Monday, April 25, 2016

Ioan Gruffudd & Joely Fisher hosts “MURDER, LUST & MADNESS,” Passages from Shakespeare on BritWeek’s Tenth Anniversary.

By Laura Medina

 Joely Fisher & Ioan Gruffudd hosting Britweek's Opening Night, always celebrating The Bard.

This scribe covered Britweek far longer than Coachella, guess this scribe came in at the right time for the mega-festival.

Coming back to covering the Opening Night of this year's Britweek is like returning home.

Yes, it is a Britweek tradition to kick off the fourteen-days celebration with the Bard.  Then again, there wouldn't be a Britweek, British acting, or Hollywood historically economically supporting Shakespearean actors that formed the backbone of Hollywood, without William Shakespeare.

If it weren't for his prose, Iambic pentameter, and his witty Double entendres and winky limericks (in fact, there wouldn't be any Prince if it weren't for Shakespeare's groundbreaking Double entendres and limericks regarding risque subject matters and dirty jokes), there wouldn't be oratory as we know it.

Here's to William Shakespeare on advancing the English language and culture to what we know it, taking something common and even, dirty then making it special and eloquent.

This is why Britweek always start off with celebrating The Bard on Opening The Wallis Annenberg Theater in Beverly Hills.

The perennial hosts, Ioan Gruffudd and Joely Fisher, showed their love and admiration for The Bard, alongside Anglophile Americans, such as...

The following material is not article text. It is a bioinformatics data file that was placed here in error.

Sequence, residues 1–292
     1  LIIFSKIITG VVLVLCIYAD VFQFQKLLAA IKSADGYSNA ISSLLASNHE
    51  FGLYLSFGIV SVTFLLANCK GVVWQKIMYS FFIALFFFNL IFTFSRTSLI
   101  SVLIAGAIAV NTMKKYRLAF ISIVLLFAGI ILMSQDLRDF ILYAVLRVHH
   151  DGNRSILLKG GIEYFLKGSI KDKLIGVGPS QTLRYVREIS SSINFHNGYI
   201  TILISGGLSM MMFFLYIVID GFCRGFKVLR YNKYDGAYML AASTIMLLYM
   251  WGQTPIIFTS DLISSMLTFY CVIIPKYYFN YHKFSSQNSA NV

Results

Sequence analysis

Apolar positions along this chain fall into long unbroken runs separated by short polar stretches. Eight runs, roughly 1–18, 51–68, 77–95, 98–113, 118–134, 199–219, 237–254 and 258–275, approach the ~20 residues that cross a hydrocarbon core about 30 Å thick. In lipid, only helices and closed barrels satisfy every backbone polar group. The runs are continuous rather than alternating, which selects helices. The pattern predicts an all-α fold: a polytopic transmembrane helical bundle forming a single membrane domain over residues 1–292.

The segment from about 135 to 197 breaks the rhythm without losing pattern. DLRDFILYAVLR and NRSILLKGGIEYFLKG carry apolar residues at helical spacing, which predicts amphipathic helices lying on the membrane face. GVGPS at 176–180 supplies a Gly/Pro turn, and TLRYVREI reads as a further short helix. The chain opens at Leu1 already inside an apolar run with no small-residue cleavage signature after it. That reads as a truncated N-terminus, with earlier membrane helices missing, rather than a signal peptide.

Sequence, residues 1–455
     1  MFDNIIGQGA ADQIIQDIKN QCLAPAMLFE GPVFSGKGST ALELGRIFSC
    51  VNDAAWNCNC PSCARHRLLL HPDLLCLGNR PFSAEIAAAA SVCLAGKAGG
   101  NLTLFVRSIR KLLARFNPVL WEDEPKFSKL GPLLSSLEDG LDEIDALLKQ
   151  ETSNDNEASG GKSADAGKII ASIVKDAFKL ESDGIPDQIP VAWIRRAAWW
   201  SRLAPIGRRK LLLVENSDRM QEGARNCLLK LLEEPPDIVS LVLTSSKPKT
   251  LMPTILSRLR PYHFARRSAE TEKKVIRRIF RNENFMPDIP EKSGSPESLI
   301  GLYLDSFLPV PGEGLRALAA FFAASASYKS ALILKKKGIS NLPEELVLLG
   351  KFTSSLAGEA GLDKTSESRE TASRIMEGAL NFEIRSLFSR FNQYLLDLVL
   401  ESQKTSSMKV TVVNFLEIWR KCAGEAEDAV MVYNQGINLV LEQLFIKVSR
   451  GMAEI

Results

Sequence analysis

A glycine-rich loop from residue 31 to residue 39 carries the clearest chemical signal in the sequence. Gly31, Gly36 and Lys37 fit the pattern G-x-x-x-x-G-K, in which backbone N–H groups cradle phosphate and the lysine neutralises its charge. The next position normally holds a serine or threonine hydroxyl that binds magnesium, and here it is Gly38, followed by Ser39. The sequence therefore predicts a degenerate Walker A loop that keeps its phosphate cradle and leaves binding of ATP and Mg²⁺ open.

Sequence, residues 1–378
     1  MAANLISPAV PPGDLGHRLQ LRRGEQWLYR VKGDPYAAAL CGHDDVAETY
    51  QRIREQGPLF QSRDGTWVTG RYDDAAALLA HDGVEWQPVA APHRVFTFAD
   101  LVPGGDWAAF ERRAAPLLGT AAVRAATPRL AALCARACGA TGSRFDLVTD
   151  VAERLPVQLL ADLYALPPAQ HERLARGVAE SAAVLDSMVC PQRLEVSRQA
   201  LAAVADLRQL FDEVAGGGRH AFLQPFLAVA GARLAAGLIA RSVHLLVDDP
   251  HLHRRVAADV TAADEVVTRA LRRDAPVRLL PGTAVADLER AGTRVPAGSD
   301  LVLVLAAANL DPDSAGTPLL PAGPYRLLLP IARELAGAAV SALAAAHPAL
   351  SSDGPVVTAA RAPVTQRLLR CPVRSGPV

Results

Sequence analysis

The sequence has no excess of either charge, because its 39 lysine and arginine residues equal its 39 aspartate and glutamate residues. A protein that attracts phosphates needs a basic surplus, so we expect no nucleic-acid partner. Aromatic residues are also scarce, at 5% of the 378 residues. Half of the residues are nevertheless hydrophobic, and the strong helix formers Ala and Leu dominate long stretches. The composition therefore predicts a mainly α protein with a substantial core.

Harry Hamlin and Michael York...

Stacey Keach...

Joan van Ark...

"Ms. Pattemore from "Downton Abbey, " aka Lesley Nicols...

There was more to “MURDER, LUST & MADNESS,” British and American actor orating Shakespearean passages and lines.

Shakespeare was so lyrically iambic pentameter that Broadway songwriter, Stephen Sondheim and American conductor, Leonard Bernstein, took Shakespeare's "Romeo & Juliet" and turned into "Westside Story," the Americanized "Romeo & Juliet."

Ballet dancers, Jim Nowakowski and Isabella Seo danced to "Romeo & Juliet" while operatic singer and a soprano, Randy Guiaya and Jen Lee sang "West Side Story."

The modern jazz take didn't end there.

R&B/Jazz singer, Sherry Williams sang excerpts from the Shakespeare Songbook, "O Mistress Mine; It Was a Lover and His Lass; and Dunsinane Blues," accompanied on piano by Derrick Lowe.

It wasn't all so dignified and stiff.

The panche-y pun of "A Midsummer Night's Dream" comedy finished off the celebration.  It's Shakespeare doing slap-stick for the working class Renaissance audience during his day.  Still silly-dilly today as it was yesterday.

The real celebration didn't happen until 11pm, Saturday night, when Macallan Whiskey kicked off the AfterParty.  The whiskey, not the tea, was free-flowing.

Cheers to the Bard!

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